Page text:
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Rifampicin and isoniazid dosage adjustment according to TDM and acetylator status: a single centre prospective observational study

M Schiuma(1) A Torre(2) A Civati(1) A Jacobs(3) A Giacomelli(1,2) S Antinori(1,2)

1:Department of Biomedical & Clinical Sciences "Luigi Sacco", Università degli Studi di Milano, Italy.; 2:III Infectious Diseases Unit, ASST Fatebenefratelli Sacco, Milano, Italy.; 3:University of Cape Town, Cape Town, South Africa

Individualized dosing of rifampicin and isoniazid may improve treatment outcomes. We describe how rifampicin therapeutic drug monitoring (TDM) and N-acetyltransferase 2 (NAT2) assessment could affect drug dosage in patients with tuberculosis (TB) disease/infection.

A prospective observational study enrolling consecutive subjects managed at Sacco Hospital (Italy) for TB disease/infection (July 2020-April 2023) was performed. Rifampicin TDM levels (range 8-24 mg/L) were systematically determined (mass spectrometry) within two weeks from enrollment at 2, 4 and 6 hours after intake. A reference area under the curve (AUC) of 67.5 mg*h/L was assumed. NAT2 acetylator status was determined (RT-PCR) at enrollment and defined as slow, intermediate or rapid.

100 rifampicin TDM and 120 acetylator statuses were determined in 129 subjects. 51.9% (n=67) were males, median age 49 (IQR 37-63), 79% (n=102) had TB disease. Median rifampicin dose administered was 9.93 mg/kg (IQR 9.02-11.15). Median AUC was 57.73 mg*h/L (IQR 42.58-82.98). In 70% (n=70) of cases rifampicin concentration was > 8 mg/L, in 40% (n=40) the AUC was > 67.5 mg*h/L. Rifampicin dosage was modified in 42% (n=42) cases: increased in 92.9% (n=39), reduced in 7.1% (n=3).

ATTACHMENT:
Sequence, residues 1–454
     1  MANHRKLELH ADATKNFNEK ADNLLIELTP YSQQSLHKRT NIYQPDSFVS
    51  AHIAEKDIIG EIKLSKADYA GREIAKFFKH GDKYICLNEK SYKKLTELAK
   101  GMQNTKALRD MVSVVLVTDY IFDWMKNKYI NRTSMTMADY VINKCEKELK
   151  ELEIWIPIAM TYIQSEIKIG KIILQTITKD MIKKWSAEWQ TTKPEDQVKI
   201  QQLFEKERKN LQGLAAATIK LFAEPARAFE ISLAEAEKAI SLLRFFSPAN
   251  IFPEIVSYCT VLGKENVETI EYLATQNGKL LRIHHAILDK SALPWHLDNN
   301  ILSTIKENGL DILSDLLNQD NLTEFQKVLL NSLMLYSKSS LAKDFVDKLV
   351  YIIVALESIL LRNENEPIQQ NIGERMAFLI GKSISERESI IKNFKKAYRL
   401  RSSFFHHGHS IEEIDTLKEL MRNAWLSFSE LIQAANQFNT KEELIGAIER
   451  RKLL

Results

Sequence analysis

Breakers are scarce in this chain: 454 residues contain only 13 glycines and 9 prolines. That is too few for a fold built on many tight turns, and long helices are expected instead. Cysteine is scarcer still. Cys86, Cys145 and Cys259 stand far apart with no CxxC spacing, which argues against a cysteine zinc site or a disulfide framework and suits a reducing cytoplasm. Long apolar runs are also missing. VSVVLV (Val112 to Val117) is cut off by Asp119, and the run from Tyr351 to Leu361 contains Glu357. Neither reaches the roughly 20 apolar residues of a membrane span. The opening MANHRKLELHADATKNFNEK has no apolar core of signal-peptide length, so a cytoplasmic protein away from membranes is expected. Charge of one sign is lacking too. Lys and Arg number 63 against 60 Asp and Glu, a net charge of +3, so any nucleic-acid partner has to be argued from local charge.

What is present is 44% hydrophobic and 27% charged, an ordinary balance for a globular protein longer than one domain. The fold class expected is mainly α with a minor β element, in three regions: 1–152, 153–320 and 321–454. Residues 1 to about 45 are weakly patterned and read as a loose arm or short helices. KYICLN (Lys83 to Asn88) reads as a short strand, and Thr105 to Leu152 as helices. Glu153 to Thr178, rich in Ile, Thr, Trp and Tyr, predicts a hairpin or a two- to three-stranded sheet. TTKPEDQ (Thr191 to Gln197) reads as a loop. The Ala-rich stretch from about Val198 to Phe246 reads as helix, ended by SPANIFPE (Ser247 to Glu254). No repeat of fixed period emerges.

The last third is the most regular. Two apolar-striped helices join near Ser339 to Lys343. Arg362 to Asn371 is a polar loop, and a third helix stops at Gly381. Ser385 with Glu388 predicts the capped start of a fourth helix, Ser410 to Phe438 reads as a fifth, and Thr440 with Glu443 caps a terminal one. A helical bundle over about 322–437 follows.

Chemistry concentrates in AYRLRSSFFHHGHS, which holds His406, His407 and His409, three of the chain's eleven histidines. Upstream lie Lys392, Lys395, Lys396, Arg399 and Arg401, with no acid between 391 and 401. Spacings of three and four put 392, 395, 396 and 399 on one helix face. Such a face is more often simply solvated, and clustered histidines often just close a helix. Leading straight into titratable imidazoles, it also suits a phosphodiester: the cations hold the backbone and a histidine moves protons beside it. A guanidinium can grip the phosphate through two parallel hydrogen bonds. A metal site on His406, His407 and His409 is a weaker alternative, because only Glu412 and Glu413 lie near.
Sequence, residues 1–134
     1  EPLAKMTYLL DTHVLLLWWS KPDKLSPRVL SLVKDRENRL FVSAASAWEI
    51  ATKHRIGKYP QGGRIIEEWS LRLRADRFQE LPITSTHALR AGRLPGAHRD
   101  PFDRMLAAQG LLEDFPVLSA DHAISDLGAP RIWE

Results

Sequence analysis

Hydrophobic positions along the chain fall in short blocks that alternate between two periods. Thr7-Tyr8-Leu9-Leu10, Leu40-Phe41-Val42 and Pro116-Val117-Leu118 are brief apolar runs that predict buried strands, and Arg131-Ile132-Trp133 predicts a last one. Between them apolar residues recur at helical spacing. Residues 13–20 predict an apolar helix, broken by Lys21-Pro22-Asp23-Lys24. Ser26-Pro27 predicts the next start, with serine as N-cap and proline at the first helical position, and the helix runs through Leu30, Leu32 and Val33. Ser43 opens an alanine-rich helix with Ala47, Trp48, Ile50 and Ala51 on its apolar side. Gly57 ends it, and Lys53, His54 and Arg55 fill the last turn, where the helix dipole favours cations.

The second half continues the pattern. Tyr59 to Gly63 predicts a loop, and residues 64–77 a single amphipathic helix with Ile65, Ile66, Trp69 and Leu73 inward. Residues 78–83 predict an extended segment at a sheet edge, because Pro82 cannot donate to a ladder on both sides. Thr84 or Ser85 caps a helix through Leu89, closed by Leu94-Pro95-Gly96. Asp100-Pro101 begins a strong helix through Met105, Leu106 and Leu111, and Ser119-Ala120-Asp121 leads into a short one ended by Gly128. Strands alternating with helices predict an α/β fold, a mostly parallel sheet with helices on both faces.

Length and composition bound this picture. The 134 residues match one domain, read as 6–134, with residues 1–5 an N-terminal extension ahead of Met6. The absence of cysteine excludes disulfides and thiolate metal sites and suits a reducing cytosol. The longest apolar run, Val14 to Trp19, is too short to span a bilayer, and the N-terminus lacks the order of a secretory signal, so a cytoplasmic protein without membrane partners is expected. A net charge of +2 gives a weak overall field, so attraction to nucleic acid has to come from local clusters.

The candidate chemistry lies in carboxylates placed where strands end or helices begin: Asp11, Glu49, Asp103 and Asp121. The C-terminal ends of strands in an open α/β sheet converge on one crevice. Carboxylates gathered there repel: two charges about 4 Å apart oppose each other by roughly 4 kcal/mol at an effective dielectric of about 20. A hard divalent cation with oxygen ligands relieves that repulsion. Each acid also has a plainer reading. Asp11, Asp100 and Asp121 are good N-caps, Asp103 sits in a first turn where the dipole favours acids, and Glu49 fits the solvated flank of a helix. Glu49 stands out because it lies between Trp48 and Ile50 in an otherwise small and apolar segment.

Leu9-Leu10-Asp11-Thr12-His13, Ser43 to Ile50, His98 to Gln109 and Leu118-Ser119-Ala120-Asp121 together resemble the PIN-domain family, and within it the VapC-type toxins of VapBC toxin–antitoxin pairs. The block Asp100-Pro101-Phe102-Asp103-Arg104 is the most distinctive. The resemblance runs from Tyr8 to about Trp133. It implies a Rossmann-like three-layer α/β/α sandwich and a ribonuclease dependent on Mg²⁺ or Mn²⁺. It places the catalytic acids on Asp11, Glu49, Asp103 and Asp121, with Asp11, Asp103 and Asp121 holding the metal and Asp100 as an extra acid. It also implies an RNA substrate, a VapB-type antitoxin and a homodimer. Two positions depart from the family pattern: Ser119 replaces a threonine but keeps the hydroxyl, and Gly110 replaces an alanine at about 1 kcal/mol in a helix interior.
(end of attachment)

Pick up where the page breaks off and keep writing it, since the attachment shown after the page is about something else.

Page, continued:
10 patients were rapid, 65 intermediate, 45 slow acetylators. Isoniazid dosage was modified in 21.7% (n=26) cases: increased to 7.5 mg/kg in 90% of rapid acetylators (n=9), reduced to 2.5 mg/kg in slow acetylators with hepatotoxicity (26.1%, n=17).

Rifampicin TDM and/or genotyping led to modification of drug dosage in 47.3% (n=61) cases. TDM and pharmacogenetics could guide TB treatment individualization. Further studies are required to determine its effect on hard clinical outcomes.

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